COLD SPRING, MINN. - The body of police officer Tom Decker returned home Friday evening in a white hearse, escorted by two dozen wailing squad cars and five fire trucks, just as dusk fell on this central Minnesota granite quarry town.
The 31-year-old officer was shot and killed behind Winners Sports Bar on Main Street the night before, just miles north of the dairy farm where he grew up. The ambush happened when the father of four responded to a report of a suicidal person. Police arrested a community college machine-tool student who lived above the bar in the crime.
Ryan Michael Larson, 34, is being held in Stearns County jail on suspicion of murdering a police officer. Larson was known to carry a handgun, though there had been only hints of violence in his past. Several guns have been located that belonged to Larson, authorities said.
It's the second time in a decade that violence has jarred this town of 4,000. A 2003 shooting left two students dead at Rocori High School, Decker's alma mater.
"With the school shooting not that many years ago, and now this, it's hard on a small town," said Kurt Kubasch as he loaded groceries in his car outside Teal's supermarket.
Late Friday, the slain officer's mother, Rosella Decker, was still busy receiving visits from reporters and grief-stricken relatives and friends at the family's 200-acre dairy farm, where she and her husband, John, raised their eight children.
"We just want people to know how good Tom was," she said, smiling through tears. "He was such a good husband and so good with his kids -- even-tempered, cool."
The farm, with its white clapboard house and barn, is where Tom Decker grew up and still stopped to visit, lend a hand with work or have a piece of his mom's meatloaf, one of his favorite foods.
While the town grieved the loss of a popular young officer, some details began to emerge about Larson. In 2009, court documents show, an ex-girlfriend requested a protective order after "he got very angry and aggressive and agitated," charging and spitting at her and bruising her arm. He paid a $383 fine for disorderly conduct in that misdemeanor case.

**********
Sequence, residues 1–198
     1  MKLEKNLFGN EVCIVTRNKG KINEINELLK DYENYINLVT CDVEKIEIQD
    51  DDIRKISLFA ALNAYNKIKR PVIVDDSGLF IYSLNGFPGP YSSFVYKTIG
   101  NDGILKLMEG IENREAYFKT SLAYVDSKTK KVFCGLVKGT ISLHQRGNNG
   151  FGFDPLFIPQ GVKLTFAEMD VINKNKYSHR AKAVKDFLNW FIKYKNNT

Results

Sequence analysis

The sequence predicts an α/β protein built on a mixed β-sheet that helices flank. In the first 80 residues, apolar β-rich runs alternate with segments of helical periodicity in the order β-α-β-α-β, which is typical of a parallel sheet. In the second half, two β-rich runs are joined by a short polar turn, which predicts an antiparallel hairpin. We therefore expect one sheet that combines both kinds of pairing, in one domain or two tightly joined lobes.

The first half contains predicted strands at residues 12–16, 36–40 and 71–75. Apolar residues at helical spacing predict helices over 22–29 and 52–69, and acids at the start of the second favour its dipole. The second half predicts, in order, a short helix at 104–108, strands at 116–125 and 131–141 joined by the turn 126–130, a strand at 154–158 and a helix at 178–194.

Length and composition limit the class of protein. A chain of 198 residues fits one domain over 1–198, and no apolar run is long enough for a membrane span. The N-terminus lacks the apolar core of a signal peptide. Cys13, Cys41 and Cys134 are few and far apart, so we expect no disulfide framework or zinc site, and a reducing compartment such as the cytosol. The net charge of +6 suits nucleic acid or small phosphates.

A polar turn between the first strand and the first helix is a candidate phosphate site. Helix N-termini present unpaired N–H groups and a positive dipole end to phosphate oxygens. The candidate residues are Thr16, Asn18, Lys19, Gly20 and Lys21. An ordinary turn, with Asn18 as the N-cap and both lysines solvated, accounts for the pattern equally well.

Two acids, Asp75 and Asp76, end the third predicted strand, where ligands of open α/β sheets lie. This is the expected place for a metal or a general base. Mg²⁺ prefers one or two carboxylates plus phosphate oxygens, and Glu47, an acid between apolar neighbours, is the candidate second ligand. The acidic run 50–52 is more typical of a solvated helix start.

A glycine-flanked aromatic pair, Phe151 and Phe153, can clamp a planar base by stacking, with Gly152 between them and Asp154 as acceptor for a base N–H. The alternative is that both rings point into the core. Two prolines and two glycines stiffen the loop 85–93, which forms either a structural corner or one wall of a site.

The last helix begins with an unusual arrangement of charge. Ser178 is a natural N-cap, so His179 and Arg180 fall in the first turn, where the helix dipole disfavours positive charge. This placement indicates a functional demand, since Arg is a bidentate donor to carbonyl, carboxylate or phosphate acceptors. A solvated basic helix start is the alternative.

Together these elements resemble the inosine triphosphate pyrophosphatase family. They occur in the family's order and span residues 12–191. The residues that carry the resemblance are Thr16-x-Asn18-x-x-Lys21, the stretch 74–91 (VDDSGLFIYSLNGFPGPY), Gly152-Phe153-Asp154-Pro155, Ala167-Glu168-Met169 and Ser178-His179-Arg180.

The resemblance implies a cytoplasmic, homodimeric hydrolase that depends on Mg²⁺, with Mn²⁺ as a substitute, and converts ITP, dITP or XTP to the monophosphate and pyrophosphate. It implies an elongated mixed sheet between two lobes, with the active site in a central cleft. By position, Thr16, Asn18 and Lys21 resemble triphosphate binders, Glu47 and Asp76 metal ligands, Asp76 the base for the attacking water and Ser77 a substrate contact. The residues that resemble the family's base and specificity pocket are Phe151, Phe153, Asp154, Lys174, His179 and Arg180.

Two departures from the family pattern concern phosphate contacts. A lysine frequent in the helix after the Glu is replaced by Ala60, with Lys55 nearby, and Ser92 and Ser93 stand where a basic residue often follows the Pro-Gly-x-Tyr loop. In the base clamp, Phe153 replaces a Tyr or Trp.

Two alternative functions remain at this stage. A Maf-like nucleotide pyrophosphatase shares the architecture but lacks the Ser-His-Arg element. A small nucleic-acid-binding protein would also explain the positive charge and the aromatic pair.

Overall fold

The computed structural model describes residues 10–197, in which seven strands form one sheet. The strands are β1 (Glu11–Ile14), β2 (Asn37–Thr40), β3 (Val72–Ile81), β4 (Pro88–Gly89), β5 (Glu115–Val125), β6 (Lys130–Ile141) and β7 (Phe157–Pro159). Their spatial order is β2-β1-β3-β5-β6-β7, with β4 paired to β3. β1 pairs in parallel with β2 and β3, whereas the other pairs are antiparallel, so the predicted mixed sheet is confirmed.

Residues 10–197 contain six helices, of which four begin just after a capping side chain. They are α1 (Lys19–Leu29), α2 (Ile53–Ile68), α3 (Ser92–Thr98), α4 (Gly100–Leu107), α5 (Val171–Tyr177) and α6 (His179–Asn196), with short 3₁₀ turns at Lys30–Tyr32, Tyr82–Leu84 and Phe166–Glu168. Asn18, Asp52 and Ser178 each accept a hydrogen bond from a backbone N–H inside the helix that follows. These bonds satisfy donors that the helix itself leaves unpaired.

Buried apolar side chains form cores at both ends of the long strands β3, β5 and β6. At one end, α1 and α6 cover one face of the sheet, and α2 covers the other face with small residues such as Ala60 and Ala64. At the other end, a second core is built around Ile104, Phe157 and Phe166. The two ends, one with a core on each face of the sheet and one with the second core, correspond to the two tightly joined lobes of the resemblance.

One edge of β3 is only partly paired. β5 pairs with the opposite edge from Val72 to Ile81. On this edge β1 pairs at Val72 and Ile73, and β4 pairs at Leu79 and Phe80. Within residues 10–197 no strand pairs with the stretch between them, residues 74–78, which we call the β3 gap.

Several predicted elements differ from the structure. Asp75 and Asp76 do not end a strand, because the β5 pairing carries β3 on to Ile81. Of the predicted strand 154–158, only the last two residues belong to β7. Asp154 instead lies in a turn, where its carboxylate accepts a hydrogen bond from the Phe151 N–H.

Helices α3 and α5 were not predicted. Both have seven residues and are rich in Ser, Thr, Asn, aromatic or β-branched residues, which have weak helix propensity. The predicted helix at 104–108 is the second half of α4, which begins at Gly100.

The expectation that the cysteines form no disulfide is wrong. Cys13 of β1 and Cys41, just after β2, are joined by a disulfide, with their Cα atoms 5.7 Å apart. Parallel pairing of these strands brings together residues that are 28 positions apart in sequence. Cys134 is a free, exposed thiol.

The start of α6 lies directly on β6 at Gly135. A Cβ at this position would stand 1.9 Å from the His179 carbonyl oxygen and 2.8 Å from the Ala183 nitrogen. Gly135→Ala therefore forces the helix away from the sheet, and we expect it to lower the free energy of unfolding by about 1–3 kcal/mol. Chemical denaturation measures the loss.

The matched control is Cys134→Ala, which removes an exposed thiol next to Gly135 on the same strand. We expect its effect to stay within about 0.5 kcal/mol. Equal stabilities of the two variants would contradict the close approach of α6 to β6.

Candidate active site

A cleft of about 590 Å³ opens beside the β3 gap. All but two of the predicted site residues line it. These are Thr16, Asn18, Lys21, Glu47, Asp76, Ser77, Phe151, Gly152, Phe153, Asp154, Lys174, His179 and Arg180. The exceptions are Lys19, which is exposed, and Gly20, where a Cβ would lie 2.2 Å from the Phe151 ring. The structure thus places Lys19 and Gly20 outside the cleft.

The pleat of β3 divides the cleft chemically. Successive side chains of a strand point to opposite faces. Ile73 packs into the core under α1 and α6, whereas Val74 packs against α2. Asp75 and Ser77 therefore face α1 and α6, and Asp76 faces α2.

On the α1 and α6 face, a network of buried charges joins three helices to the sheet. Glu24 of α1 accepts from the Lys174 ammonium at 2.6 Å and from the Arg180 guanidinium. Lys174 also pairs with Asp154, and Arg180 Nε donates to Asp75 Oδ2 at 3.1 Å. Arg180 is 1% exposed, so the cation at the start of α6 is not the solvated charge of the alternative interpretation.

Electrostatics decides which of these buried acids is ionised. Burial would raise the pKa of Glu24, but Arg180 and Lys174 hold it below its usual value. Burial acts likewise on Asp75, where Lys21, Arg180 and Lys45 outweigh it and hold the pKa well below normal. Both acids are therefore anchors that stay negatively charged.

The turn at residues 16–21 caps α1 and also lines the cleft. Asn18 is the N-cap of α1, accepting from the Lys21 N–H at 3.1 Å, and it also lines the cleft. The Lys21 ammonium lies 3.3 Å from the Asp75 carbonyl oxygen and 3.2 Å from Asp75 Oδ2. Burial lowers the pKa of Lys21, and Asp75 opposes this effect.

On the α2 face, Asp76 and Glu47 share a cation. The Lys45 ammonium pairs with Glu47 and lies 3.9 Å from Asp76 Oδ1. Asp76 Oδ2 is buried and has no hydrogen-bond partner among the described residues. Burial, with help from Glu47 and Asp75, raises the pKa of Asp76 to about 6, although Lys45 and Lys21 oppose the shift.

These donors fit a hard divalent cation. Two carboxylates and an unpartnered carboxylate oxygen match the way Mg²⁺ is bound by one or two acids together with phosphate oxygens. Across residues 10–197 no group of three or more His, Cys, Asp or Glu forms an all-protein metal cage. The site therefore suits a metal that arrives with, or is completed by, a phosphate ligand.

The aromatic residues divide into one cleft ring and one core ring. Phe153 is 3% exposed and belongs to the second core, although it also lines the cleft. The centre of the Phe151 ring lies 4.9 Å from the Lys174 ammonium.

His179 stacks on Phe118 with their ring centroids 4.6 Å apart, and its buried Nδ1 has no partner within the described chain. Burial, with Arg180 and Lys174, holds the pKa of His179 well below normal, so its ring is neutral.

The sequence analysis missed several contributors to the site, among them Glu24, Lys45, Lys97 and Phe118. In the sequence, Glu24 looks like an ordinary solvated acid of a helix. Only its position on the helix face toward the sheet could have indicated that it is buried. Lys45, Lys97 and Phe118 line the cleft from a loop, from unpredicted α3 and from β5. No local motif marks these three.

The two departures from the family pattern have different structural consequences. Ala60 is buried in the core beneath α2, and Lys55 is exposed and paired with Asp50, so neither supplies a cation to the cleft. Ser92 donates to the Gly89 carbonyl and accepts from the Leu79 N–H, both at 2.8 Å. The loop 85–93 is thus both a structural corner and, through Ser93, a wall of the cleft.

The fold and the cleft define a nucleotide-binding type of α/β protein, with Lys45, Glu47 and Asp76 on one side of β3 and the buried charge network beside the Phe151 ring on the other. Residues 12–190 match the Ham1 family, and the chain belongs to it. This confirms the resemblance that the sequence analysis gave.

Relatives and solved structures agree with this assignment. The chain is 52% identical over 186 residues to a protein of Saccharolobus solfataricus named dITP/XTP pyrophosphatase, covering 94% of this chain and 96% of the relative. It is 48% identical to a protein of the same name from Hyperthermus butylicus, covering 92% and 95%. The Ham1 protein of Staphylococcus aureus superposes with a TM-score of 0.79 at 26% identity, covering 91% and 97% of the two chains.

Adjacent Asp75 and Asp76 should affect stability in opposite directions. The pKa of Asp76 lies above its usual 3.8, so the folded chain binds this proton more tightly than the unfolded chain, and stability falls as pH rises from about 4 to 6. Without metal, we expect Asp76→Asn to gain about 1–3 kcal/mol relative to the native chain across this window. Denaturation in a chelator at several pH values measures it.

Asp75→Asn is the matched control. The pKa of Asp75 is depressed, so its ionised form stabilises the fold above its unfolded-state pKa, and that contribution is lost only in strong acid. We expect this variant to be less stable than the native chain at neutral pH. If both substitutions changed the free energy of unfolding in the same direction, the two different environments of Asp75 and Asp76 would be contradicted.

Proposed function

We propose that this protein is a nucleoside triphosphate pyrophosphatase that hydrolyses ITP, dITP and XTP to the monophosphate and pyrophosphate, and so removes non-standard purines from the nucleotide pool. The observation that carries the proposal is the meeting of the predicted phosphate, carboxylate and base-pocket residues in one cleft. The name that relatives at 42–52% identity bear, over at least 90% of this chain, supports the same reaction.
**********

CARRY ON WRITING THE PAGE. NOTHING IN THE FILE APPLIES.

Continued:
Jeff Scoles, who with his parents owns Winners bar, said Friday night that Larson had a permit to carry a handgun and regularly carried a Smith & Wesson .40-caliber semi-automatic pistol. Larson rented an apartment above the bar and acted as fill-in bartender while going to school to be a machinist.
"He liked guns, but he's very cautious with them," said Scoles, who added that Larson also owned an AR-15 assault-style rifle. "He's not the type of person who would go out there like a monster."
A spokeswoman for St. Cloud Technical and Community College confirmed that Larson was studying machine-tool technology. He's lived at various addresses in the St. Cloud area in recent years.
Decker and his partner were responding to a call about a suicidal person in a Main Street apartment when Larson allegedly shot the officer about 11 p.m. Thursday. Decker died at the scene; witnesses said he had been shot in the face.
Scoles, who had spent most of the day with Larson at the family's other Winners bar in Sartell, while Scoles worked and Larson did schoolwork on a computer, said he was shocked to hear Larson had been arrested in the killing.
"He was normal," Scoles said. "In fact, I thought he seemed like he was in a good mood."
Scoles, who grew up in the same town as Larson -- St. Joseph -- and considered him a friend, said Larson and a girlfriend went through a difficult break-up about a year ago, but that Larson no longer seemed troubled by that.
"I don't see him as a murderer," Scoles said. "I'm hoping they find out he didn't do it."
Rosella Decker said she feared the worst late Thursday when she saw Chief Phil Jones and another officer walking up to her door with grim faces.
"I was so hoping he was only hurt," she said.
Dean Demarais, whose son was a high school classmate and wrestling teammate of Decker's, remembered Decker as a happy-go-lucky farm kid. Demarais was playing cards with friends in Winners bar when police rushed in Thursday night.
"They said 'You have to leave right now,'" he recalled. "'And when you leave, put your hands in the air and walk out single file.'"
Demarais said that once outside, they walked past Decker's body on the ground.
Demarais said the shooting, which he didn't hear over the noise of the bar, dredged up bad memories of the Rocori High School shooting, which his daughter witnessed.
"I didn't sleep last night," Demarais said. "It's going to be a long day."
Added retired engineer Joe Peters: "I've lived here all my life, and this is a tragedy that never should have taken place in our town."
Decker's body was brought to Wenner Funeral Home late Friday, and "an officer will be posted at the casket 24/7 until the funeral," said Jones, the police chief.
Decker died "protecting his fellow citizens," Gov. Mark Dayton said in a statement. "For his heroism, we will be forever grateful."